by Sam Aucoin

BARRIE – Over the winter, the Barrie Baycats were busy, assembling a team they hope will bring home an eighth Intercounty Baseball League championship to the organization and its fans. With that came a multitude of signings and throughout the offseason, they kept coming. But behind the outside walls, 19-year-old right-handed pitcher Ryan Lacasse was determined to be one of those new signees and crack the Baycats' opening-day roster.

“If I really show that I’m committed and [I want] to do this,” said Lacasse. “I’d be worth all the travel time.” Growing up, and spending his whole life up north, traveling down to Barrie for the team’s winter workouts every weekend was a three-and-a-half hour – both ways at night – commitment for a guy that was in his second year of university, balancing classes and chasing a dream.

“It was a lot of back and forth,” he said. “Showing Josh (Matlow) that I’m even willing to do that travel… It just shows the type of person that I am.”

Lacasse, born and raised in Garson, Ontario, just outside of Sudbury, picked up the game of baseball when he was around five years old. He played other sports as well when he was still young but stuck with baseball because he enjoyed the mental side of the game and that was what his friends were playing.   

“Anytime we had an opportunity to go to the local ball field back at home we’d do it,” Lacasse said. “Anything to get us moving and stay in the game.” That work ethic has stuck with Ryan to this day.

Pitching was not something that carried Ryan through his childhood. He was – and still is – an outfielder, playing college ball at Laurentian University.

“I always had a better arm and my dad saw that potential in me,” Ryan said. “We used to take karate lessons in a gym and then anytime before that, he’d (Ryan’s dad) get me to throw a bullpen.”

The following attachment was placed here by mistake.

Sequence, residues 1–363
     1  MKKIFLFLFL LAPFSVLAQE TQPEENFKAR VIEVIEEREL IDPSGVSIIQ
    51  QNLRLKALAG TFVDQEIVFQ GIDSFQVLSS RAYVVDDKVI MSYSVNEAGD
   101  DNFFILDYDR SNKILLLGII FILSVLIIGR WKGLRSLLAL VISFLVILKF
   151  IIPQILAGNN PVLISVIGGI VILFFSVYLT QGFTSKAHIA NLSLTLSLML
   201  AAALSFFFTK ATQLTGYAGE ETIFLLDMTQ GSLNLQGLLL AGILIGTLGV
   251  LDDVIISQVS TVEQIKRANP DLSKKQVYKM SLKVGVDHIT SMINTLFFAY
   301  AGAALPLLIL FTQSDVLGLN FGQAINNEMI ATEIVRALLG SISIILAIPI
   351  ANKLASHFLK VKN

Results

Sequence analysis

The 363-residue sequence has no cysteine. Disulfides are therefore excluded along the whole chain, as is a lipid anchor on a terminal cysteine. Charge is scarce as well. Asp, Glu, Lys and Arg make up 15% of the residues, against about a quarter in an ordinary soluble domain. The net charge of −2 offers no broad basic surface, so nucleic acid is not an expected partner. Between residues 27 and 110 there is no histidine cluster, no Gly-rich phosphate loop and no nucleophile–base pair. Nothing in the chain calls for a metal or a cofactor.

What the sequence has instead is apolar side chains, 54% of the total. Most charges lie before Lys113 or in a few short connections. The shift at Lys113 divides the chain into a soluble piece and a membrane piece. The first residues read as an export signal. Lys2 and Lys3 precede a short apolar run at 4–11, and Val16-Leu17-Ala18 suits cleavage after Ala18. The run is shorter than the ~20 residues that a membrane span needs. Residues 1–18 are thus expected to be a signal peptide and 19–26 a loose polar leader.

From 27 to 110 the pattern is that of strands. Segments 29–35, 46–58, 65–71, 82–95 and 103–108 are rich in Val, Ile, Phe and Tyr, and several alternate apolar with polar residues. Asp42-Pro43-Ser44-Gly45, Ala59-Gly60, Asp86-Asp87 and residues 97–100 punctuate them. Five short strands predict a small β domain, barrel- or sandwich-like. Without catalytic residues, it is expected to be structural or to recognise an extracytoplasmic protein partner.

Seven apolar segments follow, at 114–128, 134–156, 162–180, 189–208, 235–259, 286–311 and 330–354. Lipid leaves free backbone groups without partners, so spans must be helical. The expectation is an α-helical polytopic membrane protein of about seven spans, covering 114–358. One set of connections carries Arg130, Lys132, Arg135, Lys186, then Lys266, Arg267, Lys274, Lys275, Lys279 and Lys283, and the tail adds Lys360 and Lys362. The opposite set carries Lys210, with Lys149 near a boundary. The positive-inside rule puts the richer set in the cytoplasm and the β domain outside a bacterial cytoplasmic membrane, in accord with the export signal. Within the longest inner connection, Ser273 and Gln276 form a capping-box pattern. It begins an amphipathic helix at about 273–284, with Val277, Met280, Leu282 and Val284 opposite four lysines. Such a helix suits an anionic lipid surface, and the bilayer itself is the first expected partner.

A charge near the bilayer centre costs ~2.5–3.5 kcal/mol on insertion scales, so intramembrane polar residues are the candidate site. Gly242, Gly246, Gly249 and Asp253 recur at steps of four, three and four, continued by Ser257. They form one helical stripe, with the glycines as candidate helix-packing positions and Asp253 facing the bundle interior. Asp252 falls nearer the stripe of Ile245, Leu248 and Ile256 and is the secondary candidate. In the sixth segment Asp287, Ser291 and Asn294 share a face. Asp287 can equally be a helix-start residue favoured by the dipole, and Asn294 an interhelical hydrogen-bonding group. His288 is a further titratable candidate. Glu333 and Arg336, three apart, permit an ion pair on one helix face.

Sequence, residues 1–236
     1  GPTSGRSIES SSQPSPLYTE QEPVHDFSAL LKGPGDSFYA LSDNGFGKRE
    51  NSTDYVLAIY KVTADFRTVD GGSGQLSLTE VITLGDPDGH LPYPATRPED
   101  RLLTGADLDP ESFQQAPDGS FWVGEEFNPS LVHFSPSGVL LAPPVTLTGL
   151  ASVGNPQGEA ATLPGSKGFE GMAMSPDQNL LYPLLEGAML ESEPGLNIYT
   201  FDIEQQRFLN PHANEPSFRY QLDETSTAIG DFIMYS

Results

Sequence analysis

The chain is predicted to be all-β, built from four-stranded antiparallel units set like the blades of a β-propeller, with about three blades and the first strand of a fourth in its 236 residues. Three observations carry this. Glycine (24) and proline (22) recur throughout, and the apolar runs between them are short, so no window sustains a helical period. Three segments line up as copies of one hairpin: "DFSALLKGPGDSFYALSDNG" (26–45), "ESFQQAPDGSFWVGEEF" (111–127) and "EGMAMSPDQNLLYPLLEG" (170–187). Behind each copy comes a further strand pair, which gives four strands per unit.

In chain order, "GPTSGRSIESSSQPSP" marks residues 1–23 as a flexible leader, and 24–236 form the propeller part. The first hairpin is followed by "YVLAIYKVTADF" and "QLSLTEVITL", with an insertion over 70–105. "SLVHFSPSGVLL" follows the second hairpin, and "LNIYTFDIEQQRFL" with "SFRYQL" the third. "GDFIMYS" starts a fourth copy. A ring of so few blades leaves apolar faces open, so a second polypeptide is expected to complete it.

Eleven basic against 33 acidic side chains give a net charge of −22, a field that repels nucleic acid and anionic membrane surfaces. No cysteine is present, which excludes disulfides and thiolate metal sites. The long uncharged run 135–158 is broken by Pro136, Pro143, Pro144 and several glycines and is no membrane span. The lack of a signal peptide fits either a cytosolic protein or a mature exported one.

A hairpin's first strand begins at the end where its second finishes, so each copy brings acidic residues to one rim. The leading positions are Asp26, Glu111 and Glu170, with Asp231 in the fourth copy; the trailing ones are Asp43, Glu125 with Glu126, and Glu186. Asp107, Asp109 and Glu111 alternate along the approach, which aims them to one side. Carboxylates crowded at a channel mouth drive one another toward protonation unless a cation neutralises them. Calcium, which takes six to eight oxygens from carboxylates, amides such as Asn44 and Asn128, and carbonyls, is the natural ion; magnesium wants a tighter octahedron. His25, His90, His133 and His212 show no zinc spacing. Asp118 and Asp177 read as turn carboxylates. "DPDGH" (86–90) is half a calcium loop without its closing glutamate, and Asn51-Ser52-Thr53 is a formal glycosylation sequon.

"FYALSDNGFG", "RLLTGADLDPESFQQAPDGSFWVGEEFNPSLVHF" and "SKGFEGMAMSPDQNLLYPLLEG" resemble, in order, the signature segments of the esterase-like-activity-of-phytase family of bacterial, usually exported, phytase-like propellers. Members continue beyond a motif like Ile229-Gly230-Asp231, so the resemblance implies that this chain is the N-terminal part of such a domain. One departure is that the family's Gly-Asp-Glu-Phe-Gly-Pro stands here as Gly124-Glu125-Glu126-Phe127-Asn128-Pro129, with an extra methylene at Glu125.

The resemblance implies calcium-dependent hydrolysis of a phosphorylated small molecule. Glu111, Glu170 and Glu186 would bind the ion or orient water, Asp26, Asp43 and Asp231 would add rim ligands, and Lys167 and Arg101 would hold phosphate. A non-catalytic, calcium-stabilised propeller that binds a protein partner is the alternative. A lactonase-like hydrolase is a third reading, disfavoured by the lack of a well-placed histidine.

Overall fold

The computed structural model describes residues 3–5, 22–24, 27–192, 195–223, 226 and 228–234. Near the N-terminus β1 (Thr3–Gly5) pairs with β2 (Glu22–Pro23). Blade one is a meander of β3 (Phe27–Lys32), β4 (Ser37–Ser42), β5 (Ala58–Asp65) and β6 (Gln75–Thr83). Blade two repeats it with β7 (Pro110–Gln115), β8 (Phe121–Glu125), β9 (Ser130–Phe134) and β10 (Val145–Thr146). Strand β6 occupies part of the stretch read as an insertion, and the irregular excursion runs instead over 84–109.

Eventually, he got his opportunity on the mound. He was eight years old at the time.

“My coach eventually gave me a chance in one of our games in a tournament and I did phenomenal and never stopped pitching since,” he said.

Heading into his teen years, baseball became something that could open up a new world of possibilities for Lacasse. At age 16, there was still time for development as Ryan continued through travel ball.

“I played for the 16u Voyageurs [and] had a phenomenal season that year,” he said. “I had probably the most fun I’ve ever [had playing] the game.”

This past fall, when he was playing in his second season with the Laurentian Voyageurs, Ryan’s coach at the time got in contact with Baycats pitching coach Brad Grieveson to set up a tryout. This opportunity was not something Lacasse took lightly.

“I went pretty much every other weekend to try out,” said Lacasse, who had gone four times to the team’s winter workouts before Manager and GM Josh Matlow finally gave him the contract. After showing up for his second tryout out of four in total, Lacasse was pretty confident he had locked in a spot.

“I had a pretty good gut feeling that I made it,” He said. “They kept asking me to come back.”

The belief that the Baycats have shown in Lacasse is something he appreciates and wants to prove that they made a good decision.

“I’m hoping that I’m able to really show them what I have talent-wise where I can eventually develop a role where I’ll be able to consistently come out of the bullpen,” Ryan stated. 

For a team that lacked quality pitching performances down the stretch, Ryan Lacasse is looking to be a key piece to the puzzle in 2024.